Captains Going Above and Beyond

On a brighter note, two recent stories surfaced that show that airline captains really do more than just fly the plane.  On Easyjet flight 8365 from London Gatwick to Bari, Italy, the captain had to negotiate with passengers to get four of them to give up their seats as the plane was too heavy for takeoff.  Now, this is not that unusual, although it is the ground crew’s responsibility to solicit volunteers. From my own experience, there are usually willing volunteers and in this case, it was a €400 compensation payment per volunteer plus a hotel. The flight endured a fifty minute delay, but once the captain threatened to remove the last four people who checked in, four volunteers came forth. But it was the captain on an El Al flight departing from Tel Aviv for New York who wins the compassion award this time.  On August 8, 36 excited children, including 11-year old Inbar Chomsky, boarded the flight headed for summer camp, having checked in and gone through all the formalities including medical exams. This was no ordinary summer camp, but a non-profit special program designed for children with cancer and other hematologic illnesses.  After the children were seated, an adult collected passports, which is not unusual for a group of minors traveling internationally, but the young girl’s passport was missing. A frantic search of the aircraft ensued, and with passengers getting restless and annoyed, the girl was told she would have to deplane and her mother would have to come pick her up and take her home. The devastated child got off, and the plane taxied to the runway for takeoff.  Suddenly her passport was discovered in another child’s backpack. The crew was alerted, but it’s extremely rare for planes, let alone one assigned to an international route, to return to the gate after departure. The captain altered and negotiated with the control tower, airline and ground crew for thirty minutes, and finally it was allowed to return to the gate to pick up the distressed child. This is one time where compassion trumped schedule.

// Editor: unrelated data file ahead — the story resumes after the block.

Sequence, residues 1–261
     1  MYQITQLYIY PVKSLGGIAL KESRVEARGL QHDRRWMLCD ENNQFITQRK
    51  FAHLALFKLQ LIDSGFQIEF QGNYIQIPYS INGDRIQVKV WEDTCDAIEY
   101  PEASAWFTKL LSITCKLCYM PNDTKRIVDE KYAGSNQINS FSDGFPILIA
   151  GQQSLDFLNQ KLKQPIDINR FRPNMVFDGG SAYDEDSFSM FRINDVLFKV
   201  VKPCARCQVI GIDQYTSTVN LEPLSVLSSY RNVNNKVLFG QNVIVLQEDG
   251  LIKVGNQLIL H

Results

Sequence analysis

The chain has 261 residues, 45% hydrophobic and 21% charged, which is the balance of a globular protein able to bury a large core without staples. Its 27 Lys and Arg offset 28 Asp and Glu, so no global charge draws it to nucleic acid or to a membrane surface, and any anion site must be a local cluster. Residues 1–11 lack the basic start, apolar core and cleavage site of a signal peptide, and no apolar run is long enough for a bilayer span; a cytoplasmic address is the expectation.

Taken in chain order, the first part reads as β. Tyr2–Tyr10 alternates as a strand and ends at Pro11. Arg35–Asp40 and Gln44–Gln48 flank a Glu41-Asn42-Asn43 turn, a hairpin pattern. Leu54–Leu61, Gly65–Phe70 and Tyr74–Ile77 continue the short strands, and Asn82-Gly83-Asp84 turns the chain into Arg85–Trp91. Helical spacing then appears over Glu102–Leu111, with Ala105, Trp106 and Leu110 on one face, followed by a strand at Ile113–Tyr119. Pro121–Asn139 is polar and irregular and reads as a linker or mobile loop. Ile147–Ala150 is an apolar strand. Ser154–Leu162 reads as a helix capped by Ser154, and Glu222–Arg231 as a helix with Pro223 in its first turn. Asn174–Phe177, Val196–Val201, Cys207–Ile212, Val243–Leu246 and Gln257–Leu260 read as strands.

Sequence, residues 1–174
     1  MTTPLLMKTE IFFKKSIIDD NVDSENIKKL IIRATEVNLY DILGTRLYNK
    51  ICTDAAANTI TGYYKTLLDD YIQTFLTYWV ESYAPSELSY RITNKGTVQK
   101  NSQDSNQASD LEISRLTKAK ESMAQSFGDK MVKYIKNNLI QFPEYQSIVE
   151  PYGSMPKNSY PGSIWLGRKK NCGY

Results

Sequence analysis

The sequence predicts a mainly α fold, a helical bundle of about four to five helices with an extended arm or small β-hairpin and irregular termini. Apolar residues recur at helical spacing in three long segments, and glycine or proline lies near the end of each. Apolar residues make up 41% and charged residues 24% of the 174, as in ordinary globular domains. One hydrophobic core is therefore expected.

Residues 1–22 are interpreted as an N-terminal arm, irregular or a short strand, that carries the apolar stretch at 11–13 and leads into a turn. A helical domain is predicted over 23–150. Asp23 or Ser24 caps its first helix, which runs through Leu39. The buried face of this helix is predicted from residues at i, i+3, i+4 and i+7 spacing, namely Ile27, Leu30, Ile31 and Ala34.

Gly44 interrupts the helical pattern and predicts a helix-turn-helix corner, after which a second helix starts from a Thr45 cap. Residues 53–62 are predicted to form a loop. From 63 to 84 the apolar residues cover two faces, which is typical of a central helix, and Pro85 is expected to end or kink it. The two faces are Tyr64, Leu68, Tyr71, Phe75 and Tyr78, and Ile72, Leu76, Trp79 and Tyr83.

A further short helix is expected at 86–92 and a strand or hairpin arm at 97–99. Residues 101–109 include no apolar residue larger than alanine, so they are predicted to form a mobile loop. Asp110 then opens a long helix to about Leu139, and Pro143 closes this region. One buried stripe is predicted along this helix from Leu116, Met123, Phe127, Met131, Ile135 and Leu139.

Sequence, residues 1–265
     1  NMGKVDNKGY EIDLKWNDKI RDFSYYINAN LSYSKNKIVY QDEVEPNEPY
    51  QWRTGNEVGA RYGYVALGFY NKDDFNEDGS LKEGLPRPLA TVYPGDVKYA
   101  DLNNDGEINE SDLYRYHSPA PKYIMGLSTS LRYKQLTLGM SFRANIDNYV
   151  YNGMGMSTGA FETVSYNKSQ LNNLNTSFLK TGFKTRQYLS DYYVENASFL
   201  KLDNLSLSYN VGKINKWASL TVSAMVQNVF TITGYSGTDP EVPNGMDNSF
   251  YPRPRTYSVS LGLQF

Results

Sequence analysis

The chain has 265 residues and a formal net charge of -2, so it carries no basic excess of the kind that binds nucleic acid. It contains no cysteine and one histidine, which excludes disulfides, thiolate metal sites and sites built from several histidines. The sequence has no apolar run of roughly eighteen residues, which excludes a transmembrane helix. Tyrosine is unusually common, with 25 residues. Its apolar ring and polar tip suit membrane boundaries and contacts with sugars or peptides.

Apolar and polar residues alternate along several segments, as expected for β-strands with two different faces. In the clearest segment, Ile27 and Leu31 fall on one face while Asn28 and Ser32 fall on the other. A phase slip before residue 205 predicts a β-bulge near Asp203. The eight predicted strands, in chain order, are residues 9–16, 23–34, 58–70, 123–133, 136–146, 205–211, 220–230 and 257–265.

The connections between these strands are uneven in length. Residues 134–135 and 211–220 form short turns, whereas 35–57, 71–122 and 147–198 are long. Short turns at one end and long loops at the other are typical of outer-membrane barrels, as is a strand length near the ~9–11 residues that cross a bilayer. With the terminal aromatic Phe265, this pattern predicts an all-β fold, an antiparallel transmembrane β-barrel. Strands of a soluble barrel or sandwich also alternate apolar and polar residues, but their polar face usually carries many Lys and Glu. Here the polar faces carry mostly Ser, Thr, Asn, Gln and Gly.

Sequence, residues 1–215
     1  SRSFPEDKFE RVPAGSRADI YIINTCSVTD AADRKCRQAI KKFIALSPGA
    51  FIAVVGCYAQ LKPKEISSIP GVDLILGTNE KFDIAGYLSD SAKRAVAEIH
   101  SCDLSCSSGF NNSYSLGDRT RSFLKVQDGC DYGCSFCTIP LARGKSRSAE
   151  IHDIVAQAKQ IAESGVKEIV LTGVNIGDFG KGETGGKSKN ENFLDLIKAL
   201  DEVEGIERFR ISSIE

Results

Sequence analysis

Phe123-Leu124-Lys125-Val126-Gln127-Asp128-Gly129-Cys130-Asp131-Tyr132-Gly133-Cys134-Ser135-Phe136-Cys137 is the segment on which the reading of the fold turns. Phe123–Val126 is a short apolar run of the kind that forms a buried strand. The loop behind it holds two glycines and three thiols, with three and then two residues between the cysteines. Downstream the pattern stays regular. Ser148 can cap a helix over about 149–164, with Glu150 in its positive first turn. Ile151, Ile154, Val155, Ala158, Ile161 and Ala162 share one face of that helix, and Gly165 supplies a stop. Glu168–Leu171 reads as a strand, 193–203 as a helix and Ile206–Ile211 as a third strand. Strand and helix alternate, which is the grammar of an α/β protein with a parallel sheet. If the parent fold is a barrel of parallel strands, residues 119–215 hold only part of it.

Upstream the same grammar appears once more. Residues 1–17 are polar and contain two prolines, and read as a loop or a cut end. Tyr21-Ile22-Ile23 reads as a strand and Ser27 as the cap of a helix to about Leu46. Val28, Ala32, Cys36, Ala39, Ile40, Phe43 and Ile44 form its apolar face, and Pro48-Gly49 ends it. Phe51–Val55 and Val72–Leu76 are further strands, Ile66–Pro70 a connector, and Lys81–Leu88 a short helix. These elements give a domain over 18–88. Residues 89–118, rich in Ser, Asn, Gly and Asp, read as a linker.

Sorry, No Change